HPV or Human papillomavirus is the name given to a very common group of viruses. In the majority of people they cause no issues, but in some cases can lead to genital warts or cancer.
HPV is usually caught through having vaginal or anal sex with an infected person. Because HPV is so common - most people get infected at some point in their life.
You can also catch HPV from sharing sex toys or any skin contact of the genital area.
HPV doesn’t have any symptoms, so you may not even know that you have it.
Some types of Human papillomavirus (HPV) cause gential warts.
It does not cause cervical cancer in all cases. Although it does increase the risk of developing cervical cancer - It does this by causing abnormal changes in the cells.
Cancers linked to HPV include:
- vaginal cancer
- cancer of the penis
- vulvar cancer
- cervical cancer
- anal cancer
- some types of head and neck cancer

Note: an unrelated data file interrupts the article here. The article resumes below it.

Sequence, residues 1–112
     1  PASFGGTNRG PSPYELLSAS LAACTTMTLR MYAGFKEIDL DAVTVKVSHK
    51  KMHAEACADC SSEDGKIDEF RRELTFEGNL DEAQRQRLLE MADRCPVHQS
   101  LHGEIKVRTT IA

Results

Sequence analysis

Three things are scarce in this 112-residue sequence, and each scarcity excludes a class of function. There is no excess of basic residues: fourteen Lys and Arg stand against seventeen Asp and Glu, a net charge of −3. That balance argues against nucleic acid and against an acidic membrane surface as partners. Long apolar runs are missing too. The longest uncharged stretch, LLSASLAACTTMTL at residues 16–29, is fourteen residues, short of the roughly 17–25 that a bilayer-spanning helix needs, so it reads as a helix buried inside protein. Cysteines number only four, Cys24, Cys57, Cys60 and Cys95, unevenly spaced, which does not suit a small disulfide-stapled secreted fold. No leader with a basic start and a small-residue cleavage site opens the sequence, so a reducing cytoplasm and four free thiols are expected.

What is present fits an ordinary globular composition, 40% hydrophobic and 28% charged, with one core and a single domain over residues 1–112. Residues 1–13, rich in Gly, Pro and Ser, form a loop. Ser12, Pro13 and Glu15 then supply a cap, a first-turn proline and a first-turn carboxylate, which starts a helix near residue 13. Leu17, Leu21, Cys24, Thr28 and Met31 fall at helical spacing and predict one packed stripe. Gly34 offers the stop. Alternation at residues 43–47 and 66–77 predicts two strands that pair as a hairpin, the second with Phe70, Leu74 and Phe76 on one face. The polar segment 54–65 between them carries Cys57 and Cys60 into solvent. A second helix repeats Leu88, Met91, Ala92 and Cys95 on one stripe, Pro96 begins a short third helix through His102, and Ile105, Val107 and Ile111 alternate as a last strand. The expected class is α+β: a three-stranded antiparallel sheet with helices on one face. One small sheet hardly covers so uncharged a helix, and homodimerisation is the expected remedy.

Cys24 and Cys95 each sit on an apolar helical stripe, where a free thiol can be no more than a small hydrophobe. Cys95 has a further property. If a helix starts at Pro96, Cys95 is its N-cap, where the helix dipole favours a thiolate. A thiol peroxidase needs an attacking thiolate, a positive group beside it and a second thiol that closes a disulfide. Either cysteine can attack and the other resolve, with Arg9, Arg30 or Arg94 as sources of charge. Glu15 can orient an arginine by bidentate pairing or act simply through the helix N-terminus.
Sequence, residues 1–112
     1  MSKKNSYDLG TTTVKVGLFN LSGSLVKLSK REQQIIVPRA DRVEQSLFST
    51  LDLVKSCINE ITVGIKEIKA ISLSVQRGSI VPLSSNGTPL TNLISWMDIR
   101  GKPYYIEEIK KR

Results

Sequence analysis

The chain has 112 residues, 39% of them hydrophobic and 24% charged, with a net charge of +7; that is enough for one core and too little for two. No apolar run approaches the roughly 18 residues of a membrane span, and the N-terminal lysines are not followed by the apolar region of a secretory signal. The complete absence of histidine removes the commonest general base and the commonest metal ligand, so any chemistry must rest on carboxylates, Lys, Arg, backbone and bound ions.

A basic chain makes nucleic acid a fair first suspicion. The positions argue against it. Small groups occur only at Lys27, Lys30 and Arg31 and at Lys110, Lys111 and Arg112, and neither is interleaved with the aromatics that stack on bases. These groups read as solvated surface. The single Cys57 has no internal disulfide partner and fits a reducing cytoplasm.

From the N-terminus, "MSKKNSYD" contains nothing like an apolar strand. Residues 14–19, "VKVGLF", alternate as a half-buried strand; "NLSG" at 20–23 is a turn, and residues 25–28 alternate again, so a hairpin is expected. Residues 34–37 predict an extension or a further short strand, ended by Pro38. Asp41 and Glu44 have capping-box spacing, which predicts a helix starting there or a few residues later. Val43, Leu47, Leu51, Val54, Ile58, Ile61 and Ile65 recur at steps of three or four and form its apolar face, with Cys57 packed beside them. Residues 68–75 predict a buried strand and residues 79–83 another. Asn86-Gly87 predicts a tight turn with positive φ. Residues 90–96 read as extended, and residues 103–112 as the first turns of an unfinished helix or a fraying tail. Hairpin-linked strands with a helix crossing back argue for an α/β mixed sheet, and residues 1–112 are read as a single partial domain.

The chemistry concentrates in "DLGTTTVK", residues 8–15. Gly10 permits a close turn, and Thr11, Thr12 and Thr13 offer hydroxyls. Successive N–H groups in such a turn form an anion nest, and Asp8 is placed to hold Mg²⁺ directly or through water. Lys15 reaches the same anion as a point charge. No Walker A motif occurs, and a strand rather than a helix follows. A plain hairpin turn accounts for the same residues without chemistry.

An infected person can have HPV for many years without it causing any issues.
There is no blood test for human papillomavirus (HPV), HPV testing is done as part of cervical screening - a small sample of cells is taken and tested for HPV.
Anal screening may be offered to some men who have a higher risk of developing anal cancer.
There is no treatment available for HPV. Most cases of HPV do not cause any problems and disappear within 2 years. If HPV causes problems such as genital warts or abnormal changes to cervical cells then treatment is needed.
You should get regular smear tests in order to detect any changes that could lead to cervical cancer.
It is not possible to fully protect yourself against HPV, but you can do things to lower the risk of catching it:
If the virus is present around the genitals in an area not protected by a condom then the passing of the infection can still occur, for this reason condoms can not guarantee that you will not catch HPV from an infected person.
Get the HPV vaccine
The HPV vaccine does not protect against all forms of HPV, however it will protect against most types of HPV that cause gential warts and cervical cancer.